87. Editorial Note

In a September 22, 1981, memorandum to President’s Assistant for National Security Affairs Richard Allen, Dennis Blair of the National Security Council staff reported that he and Richard Pipes of the National Security Council staff observed that the changes made by Allen and Pipes were not incorporated into the version of President Ronald Reagan’s letter to Soviet General Secretary Leonid Brezhnev (see the attachment to Document 85) that was transmitted to Moscow. Blair attributed this oversight to a communications error between himself and Principal Deputy Assistant Secretary of State for European Affairs Mark Palmer—not “a calculated move by State to undercut the NSC.” To this memorandum, Blair attached an annotated copy of the letter indicating the discrepancies. (Reagan Library, Executive Secretariat, NSC: Head of State File: USSR: General Secretary Brezhnev (8105567, 8105658))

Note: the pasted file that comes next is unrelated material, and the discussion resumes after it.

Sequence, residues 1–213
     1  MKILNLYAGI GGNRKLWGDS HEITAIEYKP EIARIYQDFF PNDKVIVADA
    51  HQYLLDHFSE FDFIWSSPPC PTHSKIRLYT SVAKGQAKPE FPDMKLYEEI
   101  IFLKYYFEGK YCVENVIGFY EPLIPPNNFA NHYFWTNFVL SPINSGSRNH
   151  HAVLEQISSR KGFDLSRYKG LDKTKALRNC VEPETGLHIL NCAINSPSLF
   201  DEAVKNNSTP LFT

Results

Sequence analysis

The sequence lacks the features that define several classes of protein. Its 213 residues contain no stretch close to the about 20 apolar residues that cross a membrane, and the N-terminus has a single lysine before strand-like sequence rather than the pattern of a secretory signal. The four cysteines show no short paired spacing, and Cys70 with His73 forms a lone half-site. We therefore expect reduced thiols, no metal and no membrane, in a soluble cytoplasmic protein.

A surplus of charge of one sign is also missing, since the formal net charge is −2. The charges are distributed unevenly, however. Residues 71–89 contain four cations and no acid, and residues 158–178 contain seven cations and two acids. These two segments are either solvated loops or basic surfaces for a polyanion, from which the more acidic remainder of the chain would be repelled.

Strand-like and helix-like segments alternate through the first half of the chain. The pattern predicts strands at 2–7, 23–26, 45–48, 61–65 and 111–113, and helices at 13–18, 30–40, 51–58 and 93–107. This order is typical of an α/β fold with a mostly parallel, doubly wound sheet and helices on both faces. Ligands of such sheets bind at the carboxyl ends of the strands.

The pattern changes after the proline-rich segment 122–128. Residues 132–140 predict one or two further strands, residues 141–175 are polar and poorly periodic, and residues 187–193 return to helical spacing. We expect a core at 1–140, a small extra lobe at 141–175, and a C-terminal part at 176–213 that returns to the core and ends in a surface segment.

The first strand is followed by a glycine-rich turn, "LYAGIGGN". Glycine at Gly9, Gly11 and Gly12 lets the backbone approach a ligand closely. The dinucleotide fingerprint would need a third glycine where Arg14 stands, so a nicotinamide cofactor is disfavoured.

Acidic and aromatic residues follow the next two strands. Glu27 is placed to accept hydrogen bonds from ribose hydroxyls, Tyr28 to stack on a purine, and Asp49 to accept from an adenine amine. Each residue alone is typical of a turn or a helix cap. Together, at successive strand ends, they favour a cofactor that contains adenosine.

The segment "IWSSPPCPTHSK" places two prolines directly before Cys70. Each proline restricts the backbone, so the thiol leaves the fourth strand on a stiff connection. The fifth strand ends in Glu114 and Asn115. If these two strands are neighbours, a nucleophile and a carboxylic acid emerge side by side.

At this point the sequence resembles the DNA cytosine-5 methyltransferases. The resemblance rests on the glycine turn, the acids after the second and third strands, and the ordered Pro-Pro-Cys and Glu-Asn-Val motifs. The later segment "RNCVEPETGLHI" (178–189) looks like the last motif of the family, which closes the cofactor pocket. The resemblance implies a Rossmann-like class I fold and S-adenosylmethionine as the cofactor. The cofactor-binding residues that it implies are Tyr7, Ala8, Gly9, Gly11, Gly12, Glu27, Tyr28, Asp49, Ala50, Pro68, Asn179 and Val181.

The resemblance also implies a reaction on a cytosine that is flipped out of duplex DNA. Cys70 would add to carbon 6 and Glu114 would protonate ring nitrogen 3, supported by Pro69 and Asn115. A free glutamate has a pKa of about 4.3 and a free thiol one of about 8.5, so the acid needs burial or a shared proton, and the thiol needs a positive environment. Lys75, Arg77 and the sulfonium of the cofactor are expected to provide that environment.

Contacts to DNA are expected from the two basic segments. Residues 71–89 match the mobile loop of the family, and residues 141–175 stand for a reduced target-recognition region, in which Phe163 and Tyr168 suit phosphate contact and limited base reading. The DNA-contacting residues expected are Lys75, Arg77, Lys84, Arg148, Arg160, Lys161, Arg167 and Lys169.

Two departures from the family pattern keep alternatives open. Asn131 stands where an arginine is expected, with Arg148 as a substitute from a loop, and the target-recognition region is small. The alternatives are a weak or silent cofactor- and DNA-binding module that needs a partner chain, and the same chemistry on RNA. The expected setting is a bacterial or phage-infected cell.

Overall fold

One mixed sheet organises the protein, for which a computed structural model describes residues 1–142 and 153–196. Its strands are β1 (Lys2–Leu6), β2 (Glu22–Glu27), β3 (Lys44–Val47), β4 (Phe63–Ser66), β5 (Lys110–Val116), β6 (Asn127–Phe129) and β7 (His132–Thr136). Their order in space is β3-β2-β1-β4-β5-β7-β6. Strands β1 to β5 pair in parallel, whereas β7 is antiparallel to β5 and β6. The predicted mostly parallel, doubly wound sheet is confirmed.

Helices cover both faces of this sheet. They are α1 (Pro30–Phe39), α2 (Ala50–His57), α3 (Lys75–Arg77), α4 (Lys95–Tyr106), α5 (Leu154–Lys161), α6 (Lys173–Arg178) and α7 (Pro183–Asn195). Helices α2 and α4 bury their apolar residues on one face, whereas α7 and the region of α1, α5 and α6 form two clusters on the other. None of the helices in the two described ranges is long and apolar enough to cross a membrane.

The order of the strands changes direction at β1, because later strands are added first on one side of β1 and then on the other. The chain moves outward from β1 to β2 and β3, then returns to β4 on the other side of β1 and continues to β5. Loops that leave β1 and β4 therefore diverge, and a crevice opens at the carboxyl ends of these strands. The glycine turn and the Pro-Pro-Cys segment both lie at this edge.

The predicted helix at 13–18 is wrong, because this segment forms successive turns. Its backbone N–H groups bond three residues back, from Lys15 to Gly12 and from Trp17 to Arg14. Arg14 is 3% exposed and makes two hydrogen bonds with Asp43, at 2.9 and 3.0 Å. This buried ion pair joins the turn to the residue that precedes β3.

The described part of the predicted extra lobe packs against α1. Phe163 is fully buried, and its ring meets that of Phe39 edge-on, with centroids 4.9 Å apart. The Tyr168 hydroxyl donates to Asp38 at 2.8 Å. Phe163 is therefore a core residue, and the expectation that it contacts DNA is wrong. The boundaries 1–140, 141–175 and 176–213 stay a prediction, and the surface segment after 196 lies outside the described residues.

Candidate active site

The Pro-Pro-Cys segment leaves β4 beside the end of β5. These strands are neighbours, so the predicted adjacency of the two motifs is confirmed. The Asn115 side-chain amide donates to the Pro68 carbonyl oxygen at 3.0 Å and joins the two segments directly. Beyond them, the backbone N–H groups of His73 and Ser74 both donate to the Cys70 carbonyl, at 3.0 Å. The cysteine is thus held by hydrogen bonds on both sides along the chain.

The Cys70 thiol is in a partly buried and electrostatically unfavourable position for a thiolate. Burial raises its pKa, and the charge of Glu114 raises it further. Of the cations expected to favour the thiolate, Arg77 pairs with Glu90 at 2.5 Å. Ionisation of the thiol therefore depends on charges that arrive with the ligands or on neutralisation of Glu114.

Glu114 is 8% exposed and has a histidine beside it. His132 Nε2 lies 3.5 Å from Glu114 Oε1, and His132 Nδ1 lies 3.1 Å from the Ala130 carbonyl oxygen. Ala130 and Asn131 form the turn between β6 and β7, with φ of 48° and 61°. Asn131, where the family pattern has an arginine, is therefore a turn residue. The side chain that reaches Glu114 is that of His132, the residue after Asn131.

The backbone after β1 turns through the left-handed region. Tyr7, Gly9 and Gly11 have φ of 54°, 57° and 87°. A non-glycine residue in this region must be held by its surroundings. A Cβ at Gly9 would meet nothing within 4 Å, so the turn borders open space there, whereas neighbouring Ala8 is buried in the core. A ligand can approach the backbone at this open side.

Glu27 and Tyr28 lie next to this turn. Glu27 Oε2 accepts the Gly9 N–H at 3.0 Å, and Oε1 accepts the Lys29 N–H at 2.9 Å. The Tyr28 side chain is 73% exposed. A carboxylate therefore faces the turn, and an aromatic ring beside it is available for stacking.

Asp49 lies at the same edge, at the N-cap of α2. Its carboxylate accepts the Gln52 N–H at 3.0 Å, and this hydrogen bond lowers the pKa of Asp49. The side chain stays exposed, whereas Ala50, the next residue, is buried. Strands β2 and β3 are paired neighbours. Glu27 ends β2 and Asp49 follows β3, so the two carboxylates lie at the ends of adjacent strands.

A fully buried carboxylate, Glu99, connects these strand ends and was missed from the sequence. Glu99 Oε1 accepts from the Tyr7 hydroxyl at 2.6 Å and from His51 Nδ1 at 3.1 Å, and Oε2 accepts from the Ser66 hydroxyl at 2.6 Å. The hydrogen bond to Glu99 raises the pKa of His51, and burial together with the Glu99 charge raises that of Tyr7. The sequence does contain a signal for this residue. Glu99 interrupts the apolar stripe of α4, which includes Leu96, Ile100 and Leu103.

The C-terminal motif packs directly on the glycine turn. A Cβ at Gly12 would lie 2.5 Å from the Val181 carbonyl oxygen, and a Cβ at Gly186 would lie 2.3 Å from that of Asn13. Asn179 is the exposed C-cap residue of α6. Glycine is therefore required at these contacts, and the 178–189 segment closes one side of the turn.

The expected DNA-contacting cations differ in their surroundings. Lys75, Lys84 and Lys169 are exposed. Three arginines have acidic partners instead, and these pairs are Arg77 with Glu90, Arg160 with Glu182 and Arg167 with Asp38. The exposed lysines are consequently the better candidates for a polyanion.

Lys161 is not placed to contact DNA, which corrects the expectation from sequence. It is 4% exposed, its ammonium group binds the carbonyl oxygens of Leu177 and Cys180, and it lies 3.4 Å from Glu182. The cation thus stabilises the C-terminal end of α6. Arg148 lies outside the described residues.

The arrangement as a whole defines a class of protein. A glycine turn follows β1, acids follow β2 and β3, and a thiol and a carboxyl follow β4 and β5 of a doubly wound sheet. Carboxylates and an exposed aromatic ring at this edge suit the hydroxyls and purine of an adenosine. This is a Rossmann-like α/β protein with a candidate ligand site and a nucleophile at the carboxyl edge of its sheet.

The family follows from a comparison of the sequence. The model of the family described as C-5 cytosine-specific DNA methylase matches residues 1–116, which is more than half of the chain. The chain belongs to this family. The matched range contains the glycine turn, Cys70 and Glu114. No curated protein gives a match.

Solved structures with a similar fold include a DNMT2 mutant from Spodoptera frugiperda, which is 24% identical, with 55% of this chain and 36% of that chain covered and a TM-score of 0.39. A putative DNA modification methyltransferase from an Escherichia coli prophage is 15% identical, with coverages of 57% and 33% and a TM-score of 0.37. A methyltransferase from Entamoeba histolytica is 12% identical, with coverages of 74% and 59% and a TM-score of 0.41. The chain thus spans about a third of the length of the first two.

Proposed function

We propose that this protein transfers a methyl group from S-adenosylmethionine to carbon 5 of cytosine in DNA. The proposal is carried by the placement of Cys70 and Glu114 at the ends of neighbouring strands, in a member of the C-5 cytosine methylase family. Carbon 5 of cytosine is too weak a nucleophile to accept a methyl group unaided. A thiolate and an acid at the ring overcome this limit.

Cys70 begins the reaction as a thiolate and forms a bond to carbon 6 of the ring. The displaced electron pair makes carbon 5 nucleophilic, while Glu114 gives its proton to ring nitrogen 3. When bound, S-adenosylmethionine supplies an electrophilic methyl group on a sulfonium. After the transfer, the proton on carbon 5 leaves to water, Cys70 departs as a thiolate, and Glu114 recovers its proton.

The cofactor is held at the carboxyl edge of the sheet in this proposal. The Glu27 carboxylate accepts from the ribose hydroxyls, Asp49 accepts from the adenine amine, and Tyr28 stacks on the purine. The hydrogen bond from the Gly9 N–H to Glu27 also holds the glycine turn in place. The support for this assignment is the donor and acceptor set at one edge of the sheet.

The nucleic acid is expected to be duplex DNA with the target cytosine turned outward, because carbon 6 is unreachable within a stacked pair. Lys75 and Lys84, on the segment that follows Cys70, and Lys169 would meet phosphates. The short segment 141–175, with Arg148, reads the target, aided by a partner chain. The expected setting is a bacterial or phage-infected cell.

In telegram 252408 to all North Atlantic Treaty Organization capitals, Moscow, Canberra, Madrid, Tokyo, and Wellington, September 21, the Department noted: “As part of our campaign to take the political offensive away from the Soviets, the President has decided to send a letter to Brezhnev timed to the start of the UNGA fall session and the Secretary’s meetings with Gromyko, describing his views on the future direction of US-Soviet relations.” The Department instructed the Chargé in Moscow to deliver the letter to the Acting Soviet Foreign Minister or highest-ranking official before noon Eastern Daylight Time, [Page 257] September 22. (Department of State, Central Foreign Policy File, D810444–0892) In telegram 13306 from Moscow, September 22, Chief Political Officer Sherrod McCall reported that he had an appointment at the Soviet Foreign Ministry that day at 3 p.m. Moscow time. (Department of State, Central Foreign Policy File, D810445–0385) In telegram 13383 from Moscow, September 23, McCall reported a conversation with Deputy USA Institute Director Radomir Bodganov, who conveyed Soviet Foreign Minister Anatoly Gromyko’s annoyance at Washington’s having sent the letter after his departure from Moscow. McCall commented: “We take Bogdanov with a grain of salt, but we tend to believe he did consult on the analysis of the President’s letter and that he may be accurately reporting Gromyko’s reaction.” (Department of State, Central Foreign Policy File, D810448–0174)